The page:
Spiderman vs. the Bulbous Bouffant: Considering we were friends long before this experiment ever started, and further considering I was not a whiny little girl on our first date, we are still friends. He actually came out to visit me again recently and I took him on a whirlwind tour of my childhood stomping grounds, he lead climbed Mount Olympus so I could check that off my bucket list, and I subjected him to Crochet Sunday with the ladies. Oh… and we met Sean Astin at Fantasy Con and he totally high-fived us three times. No big deal.
Run, Forrest, Run/The Flash: Who knows? Last I saw he was a giant blur running as quickly as he could in the opposite direction from me. But hey, I’m sure he’s winning and looks good doing it.
And there you have it. Can you believe that is only the first ten of 50 first dates? We have a long way to go, Hitchhikers. Stay tuned for more mayhem and madness. The next two dates will be quite unique, I assure you.
Before this date, I don’t think I’d ever had a date run away from me. This one did, and pretty early on, too. But I caught up with him eventually; he wasn’t to get out of this date so easily.
My friend set me up on this date. He’d set me up on a date once before, and it turned out to be a great experience. Based on past performance, I was actually rather looking forward to this one. Then again, I don’t think I’ve ever not looked forward to a date. It’s only after the date starts that I lose my enthusiasm from time to time.
Our date wasn’t officially until Saturday, but since we were running a 13-mile Spartan race, we got together with my friend and his wife the night before to carb load on sushi. Conversation wasn’t forced, and the food was incredible; all in all it was a good introduction. The next day, I picked up my date and we met up with the rest of our team to drive to the race venue.
My date was/is in great shape, and spends a lot of time keeping himself physically fit. He is also very competitive. Very. Competitive. I told him before the race started that if he wanted to run ahead he was under no obligation to run with the rest of our team. I didn’t want him to be bored trying to keep pace with the rest of us who were just plodding along for fun. He assured me that he would run with our team.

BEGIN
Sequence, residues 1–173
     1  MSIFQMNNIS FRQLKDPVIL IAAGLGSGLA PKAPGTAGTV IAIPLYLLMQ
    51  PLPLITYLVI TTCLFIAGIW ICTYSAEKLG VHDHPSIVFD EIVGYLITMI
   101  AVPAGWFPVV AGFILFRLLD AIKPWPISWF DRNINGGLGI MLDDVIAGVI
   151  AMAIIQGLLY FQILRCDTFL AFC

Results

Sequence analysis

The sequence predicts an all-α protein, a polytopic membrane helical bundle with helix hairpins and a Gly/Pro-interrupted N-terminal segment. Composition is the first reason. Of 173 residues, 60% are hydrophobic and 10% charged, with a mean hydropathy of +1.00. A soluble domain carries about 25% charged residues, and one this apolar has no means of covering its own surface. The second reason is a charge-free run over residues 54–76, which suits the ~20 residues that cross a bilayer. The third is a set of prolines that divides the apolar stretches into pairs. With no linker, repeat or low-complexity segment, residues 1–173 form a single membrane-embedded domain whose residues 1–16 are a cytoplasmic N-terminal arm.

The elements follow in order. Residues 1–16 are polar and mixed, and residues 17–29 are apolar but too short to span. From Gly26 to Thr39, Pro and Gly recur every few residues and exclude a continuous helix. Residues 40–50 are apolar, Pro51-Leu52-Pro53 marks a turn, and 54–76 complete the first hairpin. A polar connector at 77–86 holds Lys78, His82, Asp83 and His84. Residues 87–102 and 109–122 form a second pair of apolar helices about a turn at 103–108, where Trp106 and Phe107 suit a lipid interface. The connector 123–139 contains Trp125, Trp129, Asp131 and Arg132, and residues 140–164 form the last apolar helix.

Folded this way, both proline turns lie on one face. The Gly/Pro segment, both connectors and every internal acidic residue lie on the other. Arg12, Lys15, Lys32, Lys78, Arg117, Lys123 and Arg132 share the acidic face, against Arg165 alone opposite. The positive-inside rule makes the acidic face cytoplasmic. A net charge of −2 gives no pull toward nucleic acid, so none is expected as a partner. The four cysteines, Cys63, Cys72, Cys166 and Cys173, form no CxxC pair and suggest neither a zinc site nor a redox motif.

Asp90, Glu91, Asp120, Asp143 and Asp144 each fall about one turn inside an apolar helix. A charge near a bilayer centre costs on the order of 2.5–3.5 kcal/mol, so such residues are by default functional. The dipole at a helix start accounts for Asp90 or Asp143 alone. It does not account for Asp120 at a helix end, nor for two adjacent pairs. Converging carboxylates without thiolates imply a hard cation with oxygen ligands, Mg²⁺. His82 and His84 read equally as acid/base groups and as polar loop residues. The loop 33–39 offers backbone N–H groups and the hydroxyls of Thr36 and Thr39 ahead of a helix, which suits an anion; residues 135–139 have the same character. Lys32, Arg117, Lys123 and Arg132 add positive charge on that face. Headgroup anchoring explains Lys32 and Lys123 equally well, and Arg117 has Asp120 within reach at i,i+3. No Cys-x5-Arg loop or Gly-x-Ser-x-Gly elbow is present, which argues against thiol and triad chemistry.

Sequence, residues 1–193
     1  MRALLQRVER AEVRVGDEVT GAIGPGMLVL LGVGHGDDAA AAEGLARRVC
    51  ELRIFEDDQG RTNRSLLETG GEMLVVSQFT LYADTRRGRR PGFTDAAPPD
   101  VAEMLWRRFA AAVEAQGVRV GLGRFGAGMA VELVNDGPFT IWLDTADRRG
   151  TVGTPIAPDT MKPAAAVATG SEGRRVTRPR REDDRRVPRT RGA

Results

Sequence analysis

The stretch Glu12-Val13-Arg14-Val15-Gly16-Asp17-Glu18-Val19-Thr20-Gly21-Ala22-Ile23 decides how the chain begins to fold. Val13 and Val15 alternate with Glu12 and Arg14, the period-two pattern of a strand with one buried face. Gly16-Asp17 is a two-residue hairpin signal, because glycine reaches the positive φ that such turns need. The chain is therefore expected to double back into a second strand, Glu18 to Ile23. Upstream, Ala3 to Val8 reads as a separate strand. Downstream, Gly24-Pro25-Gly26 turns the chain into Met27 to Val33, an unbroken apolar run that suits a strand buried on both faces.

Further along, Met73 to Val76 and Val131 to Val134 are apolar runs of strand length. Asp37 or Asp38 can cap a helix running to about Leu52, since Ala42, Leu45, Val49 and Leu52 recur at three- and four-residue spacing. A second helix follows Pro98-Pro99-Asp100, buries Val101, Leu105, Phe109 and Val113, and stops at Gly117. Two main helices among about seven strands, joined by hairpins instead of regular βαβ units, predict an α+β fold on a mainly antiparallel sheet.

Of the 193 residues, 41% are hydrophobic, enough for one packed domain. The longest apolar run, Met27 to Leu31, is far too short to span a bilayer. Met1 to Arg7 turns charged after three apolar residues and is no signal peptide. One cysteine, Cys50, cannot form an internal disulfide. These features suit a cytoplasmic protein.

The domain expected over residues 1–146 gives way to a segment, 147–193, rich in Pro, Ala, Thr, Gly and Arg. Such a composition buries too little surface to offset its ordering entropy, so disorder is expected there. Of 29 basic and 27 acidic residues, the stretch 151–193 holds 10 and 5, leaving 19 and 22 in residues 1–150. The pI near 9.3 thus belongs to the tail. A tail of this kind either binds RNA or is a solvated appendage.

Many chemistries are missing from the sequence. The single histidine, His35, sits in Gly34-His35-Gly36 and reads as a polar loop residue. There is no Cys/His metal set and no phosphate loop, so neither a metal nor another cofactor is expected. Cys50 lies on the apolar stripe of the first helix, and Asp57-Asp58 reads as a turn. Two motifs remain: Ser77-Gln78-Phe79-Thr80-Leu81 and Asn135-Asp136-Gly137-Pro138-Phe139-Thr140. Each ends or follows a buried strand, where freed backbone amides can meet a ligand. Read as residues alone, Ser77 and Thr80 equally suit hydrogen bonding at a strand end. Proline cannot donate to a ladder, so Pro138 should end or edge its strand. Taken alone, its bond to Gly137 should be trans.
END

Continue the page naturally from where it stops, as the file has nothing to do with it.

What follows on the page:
Our team was all dressed in superhero t-shirts, except for my friend and his wife, they were dressed as Aquaman. My date also did not participate in the traditional donning of the superhero shirt, but that was partially because he eschewed the wearing of a shirt at all. We later determined he could be “The Flesh”.
After everyone checked in, we made our way to the start line. I think the enthusiasm of the crowd started to energize my date because he decided that he wanted to compete for time. I caught a brief glimpse of a blur that I believe might have been him when the starting gun sounded.
Partway through the race, I found a new date. Her name was Chelsea. Her team was missing in action, so she joined our little group. We had a blast!
My ITBS flared up around mile 8, and by mile 10, I could hardly walk so I was forced to ditch my new date, Chelsea, and the rest of my team and run ahead to the finish line.
When I crossed the finish line, I asked the announcer to recall my date to the podium. He wasn’t going to get away that easily. He had already showered and cleaned off all the mud. And by showered, I mean he used a hose to sand blast the dried mud from his body. We hung out and waited for the rest of our team to finish the race so we could take a group photo and go out for red meat and shakes.
This was my third Spartan race this year, rounding out my Trifecta. The date itself may have been forgettable [for both of us], but the race experience wasn’t.
The lines were long for the sandblasters, so we decided to jump in the nearby reservoir to wash the mud from our skin and clothes instead. It turned out to be a brilliant decision. Between us, I think we transferred thirty or forty pounds of mud to the reservoir, leaving muddy contrails in our wakes.
My friend and his wife bought me dinner and dessert that evening because, as my friend put it, “You’re on a first date, someone should by you dinner.” For the record, I had no problem paying for myself, but I certainly appreciated the unexpected gesture.
I dropped my date back at his friend’s house and returned home to shower and ice my knee.